Sunday, December 15, 2013

The weather reports did not look good at all!  A wintry mix of ice, snow, rain, and fog was predicted for Saturday, December 14, 2014, the day of my Christmas Open House.  Nevertheless, I prepared as if the day would be sunny and seventy.  

I had already set up the diminutive Christmas decorations that I have collected just for the gallery space.  Some I just picked up in August at the Brown County Humane Society Barn Sale fundraiser and some at a neighbor's Moving Sale.  Others, I have had for years, some since childhood.  

Since I like deer, despite the fact they eat my garden produce and flowers, I have taken to collecting decorations of deer.  A sparkly gold deer hangs in the window.  Small wooden deer are set on the ledges of other windows.  A ceramic deer arches to the sun on another ledge.  

A couple small, golden Christmas trees are strategically placed and a small table top tree is the centerpiece on the food table.  A string of tiny lights wind around the bowls and platters of yummy, organic, "living foods".  A couple of small nativity scenes are tucked on ledges and tabletops.  The big nativity scene with porcelain figurines, made for me by my sister, is in the house and too large for the gallery space.  I had made a large wreath with fresh cut pine boughs and blue ornaments for the outside of the building and set out the lighted wicker reindeer on a stump out front. A beautiful, bright red poinsettia sat on the floor.

I love the Open Houses because I get a chance to prepare foods I don't normally eat as part of my daily diet.  Being a raw foodist now for over ten years, I eat a pretty simple diet of organic, fresh fruits and greens.  The dehydrator is the raw foodists "oven" cooking the food at temperatures under 105  degrees and used to create those more exotic dishes.  I usually don't eat many dehydrated foods because, well, they make me feel dehydrated. 

But the Open Houses give me an excuse to try new and fun recipes as well as tried and true ones.  So, I whipped up a batch of the ever popular, spicy, Mexican flax crackers that are always a favorite.  I have other flavors I can make like an Italian cracker and a curry, Indian cracker but the Spicy Mexican one is my favorite.  I also made a batch of addictive, candied, cinnamon walnuts.  Got everything going in the dehydrator by early Friday afternoon to "cook" overnight and be ready Saturday morning.  Then I made a big bowl of guacamole that is great with the flax crackers.  And cut a variety of fresh veggies and fruits.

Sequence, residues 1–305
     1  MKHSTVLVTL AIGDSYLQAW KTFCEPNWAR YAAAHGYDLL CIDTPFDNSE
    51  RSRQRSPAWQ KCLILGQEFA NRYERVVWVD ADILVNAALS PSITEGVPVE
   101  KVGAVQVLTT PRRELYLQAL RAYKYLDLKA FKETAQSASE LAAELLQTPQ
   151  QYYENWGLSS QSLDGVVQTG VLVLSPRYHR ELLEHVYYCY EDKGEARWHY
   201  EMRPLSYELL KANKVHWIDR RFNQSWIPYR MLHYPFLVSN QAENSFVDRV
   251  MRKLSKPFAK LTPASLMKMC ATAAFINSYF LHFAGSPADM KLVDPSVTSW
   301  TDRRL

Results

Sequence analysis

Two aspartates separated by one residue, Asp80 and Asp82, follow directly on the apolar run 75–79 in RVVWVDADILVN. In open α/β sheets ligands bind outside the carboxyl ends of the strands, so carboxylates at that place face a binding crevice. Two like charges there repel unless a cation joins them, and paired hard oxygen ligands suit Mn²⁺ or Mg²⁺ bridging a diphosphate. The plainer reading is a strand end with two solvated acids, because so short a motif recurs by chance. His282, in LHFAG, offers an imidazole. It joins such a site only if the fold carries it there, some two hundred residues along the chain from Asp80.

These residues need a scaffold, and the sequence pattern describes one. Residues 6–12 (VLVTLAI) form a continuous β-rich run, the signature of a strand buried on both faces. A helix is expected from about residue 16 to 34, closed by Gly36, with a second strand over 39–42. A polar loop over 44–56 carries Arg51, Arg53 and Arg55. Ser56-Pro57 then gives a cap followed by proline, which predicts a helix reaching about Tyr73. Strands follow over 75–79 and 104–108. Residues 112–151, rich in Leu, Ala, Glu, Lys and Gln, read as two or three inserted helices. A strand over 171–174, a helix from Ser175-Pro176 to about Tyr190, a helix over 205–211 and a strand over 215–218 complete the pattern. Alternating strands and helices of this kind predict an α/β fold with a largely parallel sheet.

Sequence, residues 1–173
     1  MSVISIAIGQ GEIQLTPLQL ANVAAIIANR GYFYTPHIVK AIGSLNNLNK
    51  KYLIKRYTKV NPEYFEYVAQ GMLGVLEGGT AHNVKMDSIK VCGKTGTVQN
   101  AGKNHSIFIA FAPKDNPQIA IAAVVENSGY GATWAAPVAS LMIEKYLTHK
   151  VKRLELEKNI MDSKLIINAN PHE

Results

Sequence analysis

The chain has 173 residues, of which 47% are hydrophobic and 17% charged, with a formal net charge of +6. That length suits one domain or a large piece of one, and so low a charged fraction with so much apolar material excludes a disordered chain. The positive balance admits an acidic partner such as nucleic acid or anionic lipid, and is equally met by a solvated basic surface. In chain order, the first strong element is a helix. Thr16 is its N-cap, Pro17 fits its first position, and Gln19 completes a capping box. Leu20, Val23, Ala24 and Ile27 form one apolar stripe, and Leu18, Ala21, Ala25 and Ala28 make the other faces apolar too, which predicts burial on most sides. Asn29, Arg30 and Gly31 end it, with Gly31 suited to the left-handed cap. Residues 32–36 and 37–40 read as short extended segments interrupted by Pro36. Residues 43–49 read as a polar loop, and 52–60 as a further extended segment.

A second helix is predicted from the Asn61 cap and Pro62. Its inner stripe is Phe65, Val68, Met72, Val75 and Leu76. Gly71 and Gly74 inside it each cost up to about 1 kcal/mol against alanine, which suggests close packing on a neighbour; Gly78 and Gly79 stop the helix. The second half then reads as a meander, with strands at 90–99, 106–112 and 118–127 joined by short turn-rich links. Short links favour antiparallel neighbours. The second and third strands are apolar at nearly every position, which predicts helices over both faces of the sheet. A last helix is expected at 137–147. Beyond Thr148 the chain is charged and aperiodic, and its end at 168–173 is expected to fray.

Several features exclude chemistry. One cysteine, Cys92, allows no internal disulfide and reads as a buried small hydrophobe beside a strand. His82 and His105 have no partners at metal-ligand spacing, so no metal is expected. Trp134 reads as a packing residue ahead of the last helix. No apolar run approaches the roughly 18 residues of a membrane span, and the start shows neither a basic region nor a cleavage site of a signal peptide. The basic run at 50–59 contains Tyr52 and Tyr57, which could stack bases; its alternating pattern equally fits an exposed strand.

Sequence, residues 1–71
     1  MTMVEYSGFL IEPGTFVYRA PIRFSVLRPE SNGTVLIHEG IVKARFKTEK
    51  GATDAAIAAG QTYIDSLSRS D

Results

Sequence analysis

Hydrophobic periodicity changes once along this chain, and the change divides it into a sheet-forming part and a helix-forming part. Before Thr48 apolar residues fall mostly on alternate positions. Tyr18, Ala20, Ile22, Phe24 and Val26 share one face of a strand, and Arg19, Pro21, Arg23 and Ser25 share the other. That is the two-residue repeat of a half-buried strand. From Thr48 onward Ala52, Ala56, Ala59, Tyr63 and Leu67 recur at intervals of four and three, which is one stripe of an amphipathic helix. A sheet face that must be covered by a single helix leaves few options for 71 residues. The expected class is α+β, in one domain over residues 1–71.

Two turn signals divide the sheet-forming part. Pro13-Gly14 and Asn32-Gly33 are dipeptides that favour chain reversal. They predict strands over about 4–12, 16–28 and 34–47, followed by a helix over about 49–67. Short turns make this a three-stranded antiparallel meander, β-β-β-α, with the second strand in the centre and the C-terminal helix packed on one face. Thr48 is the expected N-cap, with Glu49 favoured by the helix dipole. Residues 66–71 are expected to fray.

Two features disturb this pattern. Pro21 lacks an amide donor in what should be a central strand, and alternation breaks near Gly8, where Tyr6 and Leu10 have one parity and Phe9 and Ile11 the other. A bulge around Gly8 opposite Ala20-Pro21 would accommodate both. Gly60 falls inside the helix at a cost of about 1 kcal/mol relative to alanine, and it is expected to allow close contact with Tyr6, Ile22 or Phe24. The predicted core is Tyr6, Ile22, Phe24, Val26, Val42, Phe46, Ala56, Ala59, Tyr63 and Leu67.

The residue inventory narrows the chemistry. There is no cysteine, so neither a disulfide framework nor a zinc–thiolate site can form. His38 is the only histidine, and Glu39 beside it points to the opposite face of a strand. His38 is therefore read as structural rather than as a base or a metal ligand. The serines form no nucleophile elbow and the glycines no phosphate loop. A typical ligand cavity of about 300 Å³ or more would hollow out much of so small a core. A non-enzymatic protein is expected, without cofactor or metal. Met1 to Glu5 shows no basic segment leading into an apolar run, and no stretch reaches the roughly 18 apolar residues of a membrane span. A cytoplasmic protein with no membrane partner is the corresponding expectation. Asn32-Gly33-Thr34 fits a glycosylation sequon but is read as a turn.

I also made a cranberry relish using my Grandmother Marsh's recipe of cranberries, apples, and oranges run through a Greenstar juicer with the blank plate on.  She sweetened with sugar but I steer clear of refined sugars and used Agave Nectar.  YUMMY!  I have noticed that fresh cranberries are only available in the produce section during the Christmas season so it is nice to take advantage and enjoy them while we can.

So all was set and ready.  I even turned the heater on the night before to make sure the gallery would be nice and toasty.  The temps have been so cold the past week, dipping as low as zero one night!  Luckily, Saturday was downright balmy with temps well above freezing.  

My neighbor, Tim, drove over with his snowplow to clear the driveway a little bit after noon.  Normally, I don't bother plowing as I can get in and out just fine and wear good boots coming and going but I like to have it cleared when expecting guests.  He wasn't sure he would be able to make it so I was totally surprised when he pulled in.